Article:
Elevating Female Voices

November 1, 2013 |

“The Best of Kore Press 2012 Poetry,” which Bowden describes as “a landmark publication since we’€™ve never done something like this before and we published it the year of our anniversary.”
Book cover photo by Valerie Galloway

Late October saw Kore Press’ downtown adobe office filling up with artwork – donations from local artists for the non-profit press’ 20th anniversary fundraiser, garden party and art auction on Nov. 10.

A large assemblage, eight framed pieces, from local artist Eva Harris had arrived since the last time co-founder and Executive Director Lisa Bowden had been in. She gazes at the accumulation with appreciation and curiosity, while Director of Operations and Development Therese Perreault describes the work.

“These are from Eva, calligraphy pieces done in the traditional form,” Perreault says while pointing to the compact disks that are accompanying each piece. “She listens to music when she works, and includes the CD and the track that inspired the piece.”

Everything is lying face down. Bowden exhibits patience even though it is clear she is itching to look at them. “It can wait,” she smiles, and leads me over to their library to explain the work published by the press. Bowden pulls out a chapbook and details how Kore Press offers a short fiction award for a single short story, in addition to its first book award for poetry.

“We have a big name judge and we publish it in a chapbook. The design is 8-1/2 by 11 (inches) folded in half, quick and dirty and interesting and compelling, like a short story. We do some kind of handmade element,” Bowden points to the 2010 short fiction award winner, Heather Brittain Bergstrom’s All Sorts of Hunger cover.

“In this case it’s a knot sewn through the Os in the title. Leslie Marmon Silko judged this one and Heather Brittain Bergstrom just signed a two book deal with big publishers in New York. She’s a Northwest writer and writes a lot about the sex worker industry in that part of the country. The voices of her characters are really interesting and unusual.”

Brittain Bergstrom’s book deal illustrates Kore Press’ success in its charge as a feminist press to elevate women’s voices and push to change the dominant paradigm of gender inequity in publishing.

“Women are unrepresented in creative writing and literary worlds, and in the publishing world and in the journalism world and in the media world, just like they are everywhere else.” She says it simply, and refers to Kore’s informational pamphlet that lists these statistics:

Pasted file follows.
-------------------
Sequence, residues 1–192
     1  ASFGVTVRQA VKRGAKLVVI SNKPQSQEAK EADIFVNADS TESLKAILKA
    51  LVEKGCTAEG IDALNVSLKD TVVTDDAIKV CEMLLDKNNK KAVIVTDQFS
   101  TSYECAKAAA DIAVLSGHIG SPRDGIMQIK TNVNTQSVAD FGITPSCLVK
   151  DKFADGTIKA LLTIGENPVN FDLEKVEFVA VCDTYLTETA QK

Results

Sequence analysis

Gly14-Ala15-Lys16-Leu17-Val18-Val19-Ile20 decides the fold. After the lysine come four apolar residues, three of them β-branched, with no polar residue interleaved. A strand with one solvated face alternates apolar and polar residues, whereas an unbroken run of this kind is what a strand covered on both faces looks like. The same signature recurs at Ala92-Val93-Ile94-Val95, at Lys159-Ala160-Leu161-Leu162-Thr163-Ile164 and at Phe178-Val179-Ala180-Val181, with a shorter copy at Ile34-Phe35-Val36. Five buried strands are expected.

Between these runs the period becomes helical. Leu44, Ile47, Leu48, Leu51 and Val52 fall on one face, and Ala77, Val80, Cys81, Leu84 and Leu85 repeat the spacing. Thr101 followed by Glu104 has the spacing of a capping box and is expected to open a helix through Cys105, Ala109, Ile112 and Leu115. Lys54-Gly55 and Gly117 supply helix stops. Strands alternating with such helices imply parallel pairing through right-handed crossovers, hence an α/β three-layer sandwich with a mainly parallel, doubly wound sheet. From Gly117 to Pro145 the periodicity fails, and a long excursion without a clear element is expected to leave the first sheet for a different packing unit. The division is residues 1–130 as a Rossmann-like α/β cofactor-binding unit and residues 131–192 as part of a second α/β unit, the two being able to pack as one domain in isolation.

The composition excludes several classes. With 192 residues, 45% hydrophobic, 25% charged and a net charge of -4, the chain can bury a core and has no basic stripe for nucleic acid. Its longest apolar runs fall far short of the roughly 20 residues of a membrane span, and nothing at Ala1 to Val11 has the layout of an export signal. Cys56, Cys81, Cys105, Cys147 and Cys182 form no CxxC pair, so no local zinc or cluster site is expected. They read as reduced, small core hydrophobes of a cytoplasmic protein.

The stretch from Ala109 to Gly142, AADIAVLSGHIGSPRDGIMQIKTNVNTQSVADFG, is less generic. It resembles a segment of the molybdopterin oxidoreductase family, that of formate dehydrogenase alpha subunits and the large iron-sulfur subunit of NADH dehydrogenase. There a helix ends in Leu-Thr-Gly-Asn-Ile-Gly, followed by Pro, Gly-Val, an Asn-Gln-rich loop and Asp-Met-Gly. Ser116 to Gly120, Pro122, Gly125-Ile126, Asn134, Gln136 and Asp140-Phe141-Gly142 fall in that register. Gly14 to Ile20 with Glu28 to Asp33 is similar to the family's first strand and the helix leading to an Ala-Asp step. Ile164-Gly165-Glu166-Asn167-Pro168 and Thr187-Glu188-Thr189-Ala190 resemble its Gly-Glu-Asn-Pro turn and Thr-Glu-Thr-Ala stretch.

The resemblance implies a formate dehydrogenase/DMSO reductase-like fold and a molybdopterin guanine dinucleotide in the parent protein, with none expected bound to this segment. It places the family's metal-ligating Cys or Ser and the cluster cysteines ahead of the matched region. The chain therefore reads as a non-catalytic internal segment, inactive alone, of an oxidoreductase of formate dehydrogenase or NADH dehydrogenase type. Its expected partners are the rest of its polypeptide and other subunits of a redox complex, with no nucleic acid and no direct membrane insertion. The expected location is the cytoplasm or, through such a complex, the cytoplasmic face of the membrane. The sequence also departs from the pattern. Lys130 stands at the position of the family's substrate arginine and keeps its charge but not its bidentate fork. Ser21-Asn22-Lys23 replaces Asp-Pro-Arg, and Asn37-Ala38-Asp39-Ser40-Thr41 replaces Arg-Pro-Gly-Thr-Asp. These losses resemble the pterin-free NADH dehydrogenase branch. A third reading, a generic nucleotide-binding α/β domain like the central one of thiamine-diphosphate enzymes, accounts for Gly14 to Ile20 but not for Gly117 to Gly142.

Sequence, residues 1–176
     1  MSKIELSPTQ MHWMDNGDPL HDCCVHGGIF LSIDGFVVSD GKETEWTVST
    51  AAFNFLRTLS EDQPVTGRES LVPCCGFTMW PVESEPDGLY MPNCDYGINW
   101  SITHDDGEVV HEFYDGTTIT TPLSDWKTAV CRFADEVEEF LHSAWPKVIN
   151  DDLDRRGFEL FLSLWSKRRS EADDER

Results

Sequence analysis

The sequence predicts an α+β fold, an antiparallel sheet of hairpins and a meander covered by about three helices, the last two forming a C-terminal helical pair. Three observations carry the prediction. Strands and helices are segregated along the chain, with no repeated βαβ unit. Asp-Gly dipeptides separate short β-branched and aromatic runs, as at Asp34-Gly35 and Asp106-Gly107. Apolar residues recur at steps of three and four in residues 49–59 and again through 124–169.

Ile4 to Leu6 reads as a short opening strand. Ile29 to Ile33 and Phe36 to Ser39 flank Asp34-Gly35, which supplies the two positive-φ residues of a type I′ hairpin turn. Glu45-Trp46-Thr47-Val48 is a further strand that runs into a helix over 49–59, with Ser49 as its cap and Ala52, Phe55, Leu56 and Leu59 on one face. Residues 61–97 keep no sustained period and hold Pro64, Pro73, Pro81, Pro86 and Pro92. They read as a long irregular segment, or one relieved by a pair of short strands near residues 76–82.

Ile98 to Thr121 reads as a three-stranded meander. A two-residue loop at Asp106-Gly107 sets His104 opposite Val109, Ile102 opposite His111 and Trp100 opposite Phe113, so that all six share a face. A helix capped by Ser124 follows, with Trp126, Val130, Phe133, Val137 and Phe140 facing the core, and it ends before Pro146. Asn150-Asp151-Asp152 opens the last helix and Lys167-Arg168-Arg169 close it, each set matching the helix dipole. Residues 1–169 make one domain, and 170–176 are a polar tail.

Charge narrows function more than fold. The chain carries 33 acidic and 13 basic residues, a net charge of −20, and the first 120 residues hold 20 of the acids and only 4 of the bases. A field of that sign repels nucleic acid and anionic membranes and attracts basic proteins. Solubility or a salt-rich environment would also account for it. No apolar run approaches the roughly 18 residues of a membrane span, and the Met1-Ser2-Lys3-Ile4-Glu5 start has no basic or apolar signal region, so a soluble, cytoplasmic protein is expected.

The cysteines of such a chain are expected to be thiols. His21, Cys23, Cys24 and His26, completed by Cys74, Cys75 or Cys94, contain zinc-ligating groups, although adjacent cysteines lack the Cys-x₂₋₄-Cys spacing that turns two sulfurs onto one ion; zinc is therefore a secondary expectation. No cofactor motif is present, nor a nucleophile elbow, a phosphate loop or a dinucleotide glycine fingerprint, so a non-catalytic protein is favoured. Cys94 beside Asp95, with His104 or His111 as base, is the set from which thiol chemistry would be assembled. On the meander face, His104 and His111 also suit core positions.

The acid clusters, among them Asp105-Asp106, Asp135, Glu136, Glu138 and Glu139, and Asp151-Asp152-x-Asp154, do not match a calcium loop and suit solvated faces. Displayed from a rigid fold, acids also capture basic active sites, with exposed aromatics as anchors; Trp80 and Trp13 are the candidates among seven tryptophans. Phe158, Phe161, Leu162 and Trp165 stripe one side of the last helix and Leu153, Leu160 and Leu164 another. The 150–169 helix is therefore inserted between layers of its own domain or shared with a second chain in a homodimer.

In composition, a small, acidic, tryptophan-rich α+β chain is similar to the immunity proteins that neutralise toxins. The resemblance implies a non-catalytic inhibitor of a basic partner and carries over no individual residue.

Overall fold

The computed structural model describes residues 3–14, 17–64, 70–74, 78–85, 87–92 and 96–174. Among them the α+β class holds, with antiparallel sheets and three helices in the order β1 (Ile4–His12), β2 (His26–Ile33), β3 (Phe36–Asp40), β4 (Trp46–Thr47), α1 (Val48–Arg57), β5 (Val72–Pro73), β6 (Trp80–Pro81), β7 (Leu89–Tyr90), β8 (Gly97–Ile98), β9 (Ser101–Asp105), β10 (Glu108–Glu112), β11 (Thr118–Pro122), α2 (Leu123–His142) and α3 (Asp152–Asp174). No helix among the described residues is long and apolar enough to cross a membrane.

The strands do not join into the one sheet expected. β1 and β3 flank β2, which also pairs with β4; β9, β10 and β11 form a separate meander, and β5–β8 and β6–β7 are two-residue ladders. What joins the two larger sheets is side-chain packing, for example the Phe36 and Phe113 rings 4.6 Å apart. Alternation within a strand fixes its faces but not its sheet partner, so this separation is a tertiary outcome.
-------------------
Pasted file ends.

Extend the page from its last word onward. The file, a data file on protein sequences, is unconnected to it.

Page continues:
• Only 29% of the members of the New York Times editorial board are women; 35% of The Wall Street Journal; 40% of the Los Angles Times.
  • Since 1948, the Pulitzer Prize for Fiction has been awarded to 42 men and 17 women.
  • Since its inception in 1923, Time Magazine has had only one female editor.
  • In 1980 there were over 40 feminists presses in the U.S. Now there are 10, eight are non-profit. Three have lasted over 20 years. One of them is Kore.
  • Kore has published over 120 female writers and has launched over 50 careers.

We step back two decades, to the beginning of Kore in October 1993. As conversations between creatives are wont to do, the idea that sprung from the minds of Karen Falkenstrom and Bowden took hold, became a reality and grew.

“We discovered there wasn’t anything like it in the Southwest, per se. In California, yes, and it just kind of took off from there. We were talking over coffee at The Cup Cafe and just decided, ‘We’re going to do it, we’re going to make it happen’.”

In the fall of 1993, Bowden had come out of the university’s English department and had been working for several years with Charles Alexander at Chax Press (“it was all about letter press printing and hand binding, mixing inks and using this wonderful old machines to make books”), Falkenstrom had been an MFA student and assistant to the director at the UA Poetry Center at the time, Alison Deming.

Synchronicity steps in when Alexander takes a job in the Midwest and sells the press to Kore; serendipity came along to bring Kore its first publication, Alison Deming’s manifesto Girls in the Jungle: What Does it Take for a Woman to Survive as an Artist?